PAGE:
Since Google engineer Tavis Ormandy released details of the zero-day flaw last month, cyber criminals have dramatically ramped up online attacks that target the bug. Microsoft revealed it has now logged more than 10,000 attacks.
"At first, we only saw legitimate researchers testing innocuous proof-of-concepts. Then, early on June 15, the first real public exploits emerged," Microsoft said in a blog posting.
The flaw lies in the Windows Help and Support Center software that comes with Windows XP.
Ormandy was criticized by some in the security community for not giving Microsoft more time to patch the flaw, which he disclosed to the software vendor on June 5. He released details of the bug five days later, apparently after failing to convince Microsoft to fix the issue within 60 days.
Microsoft said in an advisory it is investigating the issue, and it may issue an out-of-schedule patch for the problem.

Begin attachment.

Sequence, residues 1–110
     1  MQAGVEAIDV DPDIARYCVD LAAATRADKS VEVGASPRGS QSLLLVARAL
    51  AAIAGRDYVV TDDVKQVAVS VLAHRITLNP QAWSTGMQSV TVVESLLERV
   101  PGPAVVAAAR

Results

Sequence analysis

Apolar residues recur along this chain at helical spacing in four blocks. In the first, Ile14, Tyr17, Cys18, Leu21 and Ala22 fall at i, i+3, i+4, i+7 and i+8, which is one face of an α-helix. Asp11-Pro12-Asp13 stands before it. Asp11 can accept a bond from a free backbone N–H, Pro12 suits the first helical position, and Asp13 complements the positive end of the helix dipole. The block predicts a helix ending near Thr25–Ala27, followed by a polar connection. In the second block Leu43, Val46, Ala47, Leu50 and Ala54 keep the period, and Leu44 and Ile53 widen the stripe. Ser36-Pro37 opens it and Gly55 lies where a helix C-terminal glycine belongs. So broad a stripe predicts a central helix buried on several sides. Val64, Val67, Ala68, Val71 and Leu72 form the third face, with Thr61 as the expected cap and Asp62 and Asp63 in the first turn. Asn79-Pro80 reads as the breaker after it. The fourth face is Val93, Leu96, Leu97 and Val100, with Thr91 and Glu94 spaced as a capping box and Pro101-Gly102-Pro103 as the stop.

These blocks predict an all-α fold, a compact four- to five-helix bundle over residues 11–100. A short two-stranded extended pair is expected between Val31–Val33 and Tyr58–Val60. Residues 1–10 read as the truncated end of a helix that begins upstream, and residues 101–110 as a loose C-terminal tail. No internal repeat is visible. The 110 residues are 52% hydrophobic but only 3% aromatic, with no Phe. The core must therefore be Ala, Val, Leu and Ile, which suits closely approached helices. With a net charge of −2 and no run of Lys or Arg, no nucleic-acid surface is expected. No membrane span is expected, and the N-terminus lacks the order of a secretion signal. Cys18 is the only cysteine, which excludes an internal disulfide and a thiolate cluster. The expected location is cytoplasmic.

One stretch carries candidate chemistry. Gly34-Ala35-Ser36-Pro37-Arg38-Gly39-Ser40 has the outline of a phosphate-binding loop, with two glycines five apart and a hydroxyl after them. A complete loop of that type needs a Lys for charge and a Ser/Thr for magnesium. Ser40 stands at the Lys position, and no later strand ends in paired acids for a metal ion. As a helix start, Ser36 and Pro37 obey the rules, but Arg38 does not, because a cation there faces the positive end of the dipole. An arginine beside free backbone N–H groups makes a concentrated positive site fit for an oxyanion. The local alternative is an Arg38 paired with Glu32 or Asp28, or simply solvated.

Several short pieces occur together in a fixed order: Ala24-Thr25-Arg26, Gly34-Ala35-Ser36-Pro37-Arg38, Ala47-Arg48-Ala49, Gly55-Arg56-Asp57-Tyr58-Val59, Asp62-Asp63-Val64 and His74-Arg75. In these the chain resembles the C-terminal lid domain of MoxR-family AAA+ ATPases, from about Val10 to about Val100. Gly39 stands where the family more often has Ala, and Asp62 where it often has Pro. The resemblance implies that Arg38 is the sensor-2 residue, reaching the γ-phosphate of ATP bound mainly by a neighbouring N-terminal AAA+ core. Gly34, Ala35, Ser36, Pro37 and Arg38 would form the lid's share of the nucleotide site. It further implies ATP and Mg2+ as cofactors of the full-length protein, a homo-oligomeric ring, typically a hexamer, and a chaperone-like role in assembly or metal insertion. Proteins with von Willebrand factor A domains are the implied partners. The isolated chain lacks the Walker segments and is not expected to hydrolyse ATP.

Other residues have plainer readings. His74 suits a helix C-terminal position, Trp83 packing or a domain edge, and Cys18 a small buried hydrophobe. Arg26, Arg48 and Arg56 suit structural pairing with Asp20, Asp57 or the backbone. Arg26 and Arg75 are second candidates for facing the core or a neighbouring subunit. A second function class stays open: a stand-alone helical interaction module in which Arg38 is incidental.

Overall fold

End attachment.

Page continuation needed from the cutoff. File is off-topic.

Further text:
"Microsoft is also aware of limited, targeted active attacks that use this exploit code. Based on the samples analyzed, Windows Server 2003 systems are not currently at risk from these attacks. Microsoft is actively monitoring this situation to keep customers informed and to provide customer guidance as necessary," the advisor says.
However, until then, it is advising those with affected PCs to use a one-click Fix-It tool to disable the Help Centre Protocols.
Alternatively, Windows XP users can disable HCP manually. Click the Start menu, followed by Run. Type regedit and press ok. Highlight the HCP key after expanding the HKEY_CLASSES_ROOT folder. Then right click on the HCP key and select Delete.
This story, "Windows XP Glitch Addressed" was originally published by PC Advisor (UK).